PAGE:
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Fri May 10, 2013, 09:35 PM

Don't bring parents here for welfare, Kenney says (Canadian immigration minister)

Source: CBC

Citizenship and Immigration Minister Jason Kenney announced new criteria for sponsoring parents and grandparents to come to Canada today that are aimed at ensuring elderly immigrants don't end up on welfare or in social housing.

The changes are part of "phase 2" of the government's overhaul of the family reunification category of immigration. New applications for the program have been on hold since 2011 in order to cut down on a massive backlog that resulted in wait times of eight years.

Kenney said applications will resume Jan. 1, 2014, and will be limited to 5,000 per year. The applications will still take years to process because of the ongoing backlog. By the end of the year, the backlog is estimated to be around 80,000 applications.

Kenney said that about 25,000 parents and grandparents will be admitted as permanent residents in 2013 and he expects that level to continue in coming years.

Read more: http://www.cbc.ca/news/canada/story/2013/05/10/pol-immigration-family-changes.html



Kenney is part of the Conservative Party of Canada, the Canadian equivalent of the US Republican Party. Of course he'd use the welfare dog whistle. Meanwhile how much in welfare do elderly Canadian citizens use? The thing with conservatives is that they see welfare as "for me not for thee".

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Reply Don't bring parents here for welfare, Kenney says (Canadian immigration minister) (Original post)
alp227 May 2013 OP
Hotler May 2013 #1
classykaren May 2013 #7
Monk06 May 2013 #2
Posteritatis May 2013 #3
Grey May 2013 #4
Proletariatprincess May 2013 #5
freshwest May 2013 #6
Nye Bevan May 2013 #8
24601 May 2013 #9
thecrow May 2013 #13
freshwest May 2013 #14
GetTheRightVote May 2013 #10
L0oniX May 2013 #11
awoke_in_2003 May 2013 #12
BobTheSubgenius May 2013 #15
Name removed Jun 2013 #16

Response to alp227 (Original post)

Fri May 10, 2013, 09:42 PM

1. You can sum up the republican party motto in one word...

"SELFISHNESS" that is all.

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Response to Hotler (Reply #1)

Sat May 11, 2013, 08:58 AM

7. Or " I have mine and the hell if you have yours" party

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Response to alp227 (Original post)

Fri May 10, 2013, 09:44 PM

2. Goodbye Chinese, Sikh and Jamaican vote. What a stupid prick. But one more nail in the Tory coffin.



The sad joke is elderly immigrants live in the family home because letting them live alone would be shameful. Plus implying that immigrants would let their parents live on welfare is an insult. I'm sure there are a few scammers but it would be very rare.

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Response to Monk06 (Reply #2)

Fri May 10, 2013, 09:49 PM

3. It's like they're actively trying to reenact the 1993 election. (nt)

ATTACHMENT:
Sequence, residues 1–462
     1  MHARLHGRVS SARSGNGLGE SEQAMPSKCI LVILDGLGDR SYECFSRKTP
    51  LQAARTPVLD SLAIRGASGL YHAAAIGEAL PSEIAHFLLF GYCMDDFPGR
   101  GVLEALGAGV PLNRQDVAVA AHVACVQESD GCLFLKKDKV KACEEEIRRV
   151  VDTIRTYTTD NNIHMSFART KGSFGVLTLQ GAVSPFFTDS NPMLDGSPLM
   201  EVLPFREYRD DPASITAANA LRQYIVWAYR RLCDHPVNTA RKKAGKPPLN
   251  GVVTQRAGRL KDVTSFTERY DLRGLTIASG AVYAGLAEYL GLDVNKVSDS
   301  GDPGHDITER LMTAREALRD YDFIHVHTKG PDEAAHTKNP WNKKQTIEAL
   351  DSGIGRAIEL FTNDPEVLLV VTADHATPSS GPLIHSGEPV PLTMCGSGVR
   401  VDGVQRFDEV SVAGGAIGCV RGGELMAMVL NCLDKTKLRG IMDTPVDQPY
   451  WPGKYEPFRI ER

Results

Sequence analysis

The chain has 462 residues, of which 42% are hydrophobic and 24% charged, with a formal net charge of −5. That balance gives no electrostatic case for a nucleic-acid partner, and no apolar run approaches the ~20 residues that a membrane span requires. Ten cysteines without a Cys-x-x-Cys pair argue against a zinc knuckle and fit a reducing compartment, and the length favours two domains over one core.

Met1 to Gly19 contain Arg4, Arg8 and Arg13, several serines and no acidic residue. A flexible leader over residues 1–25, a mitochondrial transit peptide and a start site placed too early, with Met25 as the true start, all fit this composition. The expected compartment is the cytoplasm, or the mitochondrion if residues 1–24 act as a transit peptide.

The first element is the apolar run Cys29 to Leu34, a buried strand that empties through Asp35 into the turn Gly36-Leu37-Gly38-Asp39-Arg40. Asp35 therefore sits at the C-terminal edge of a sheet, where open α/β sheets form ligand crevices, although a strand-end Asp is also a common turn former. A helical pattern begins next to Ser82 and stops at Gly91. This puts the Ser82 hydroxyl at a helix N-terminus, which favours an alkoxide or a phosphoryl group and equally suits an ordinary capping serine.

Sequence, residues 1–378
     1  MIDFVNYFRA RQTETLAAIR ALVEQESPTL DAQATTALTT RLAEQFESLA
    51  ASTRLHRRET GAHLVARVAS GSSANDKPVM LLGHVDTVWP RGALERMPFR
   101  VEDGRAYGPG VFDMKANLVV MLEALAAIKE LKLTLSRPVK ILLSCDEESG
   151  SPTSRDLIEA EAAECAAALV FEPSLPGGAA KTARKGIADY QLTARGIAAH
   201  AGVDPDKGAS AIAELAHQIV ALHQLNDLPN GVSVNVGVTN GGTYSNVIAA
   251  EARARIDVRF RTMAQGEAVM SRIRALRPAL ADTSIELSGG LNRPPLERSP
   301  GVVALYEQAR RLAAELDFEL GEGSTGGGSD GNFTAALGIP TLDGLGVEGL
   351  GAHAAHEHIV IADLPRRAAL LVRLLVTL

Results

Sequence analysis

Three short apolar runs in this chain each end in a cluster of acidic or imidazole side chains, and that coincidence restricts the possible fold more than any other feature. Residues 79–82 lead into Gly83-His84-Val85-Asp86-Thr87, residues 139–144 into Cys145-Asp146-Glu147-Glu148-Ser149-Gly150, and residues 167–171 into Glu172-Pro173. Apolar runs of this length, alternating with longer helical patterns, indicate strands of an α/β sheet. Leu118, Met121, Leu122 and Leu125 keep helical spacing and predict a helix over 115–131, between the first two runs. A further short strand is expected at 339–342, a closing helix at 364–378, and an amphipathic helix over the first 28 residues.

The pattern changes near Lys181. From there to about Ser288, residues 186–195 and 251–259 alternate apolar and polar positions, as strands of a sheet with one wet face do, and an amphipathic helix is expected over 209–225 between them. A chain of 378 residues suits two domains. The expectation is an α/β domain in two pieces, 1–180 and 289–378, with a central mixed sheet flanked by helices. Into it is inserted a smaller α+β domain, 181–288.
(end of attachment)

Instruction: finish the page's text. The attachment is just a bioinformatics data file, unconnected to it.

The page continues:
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Response to alp227 (Original post)

Fri May 10, 2013, 11:46 PM

4. Citizenship and Immigration Minister Jason Kenney is

a Jackass....

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Response to alp227 (Original post)

Sat May 11, 2013, 12:08 AM

5. Does he mean USAmerican immigrants?

That was my first impression when I read the headline. Now I wonder how many Americans are indeed emigrating to Canada in their later years. I am sure that Canadians, especially Conservatives, would be especially incensed if USAmericans were coming there for the heathcare because our own country is now threatening to cut Medicare and SSI.

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Response to Proletariatprincess (Reply #5)

Sat May 11, 2013, 01:00 AM

6. They don't allow that, AFAIK. I checked it out because I wanted to move there.

I wanted to move there for the cheaper rents and a more laid back atmosphere. Just being there doesn't guarantee a thing, and if you want to live there, you have to prove you have an income or certain amount of money put away.

Unless they have changed it, they are quite particular on that issue. No fleeing to Canada for benefits for Americans, the only thing we get is no visa required. Last time I visited with a handicapped plate they wouldn't allow me to park in any handicapped spaces because they said I didn't pay taxes there.

The exchange rate and prices on goods were good. I found it very comfortable and easy going.

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Response to freshwest (Reply #6)

Sat May 11, 2013, 12:53 PM

8. Seriously? A US handicapped permit does not allow you to park in Canadian handicapped spots?

Poor show, Canada.

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Response to Nye Bevan (Reply #8)

Sat May 11, 2013, 01:23 PM

9. Bad Canada - copying NYC on not honoring any permits but the ones they issue.

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Response to freshwest (Reply #6)

Sat May 11, 2013, 08:34 PM

13. I have land I bought in Canada a few years ago...

and I have cousins up there. I was thinking of building a cabin big enough for my piano, guitars, paintings and library. Then just kicking back til I kick off.

The money you had to have before emigrating there was $300,000... has that changed?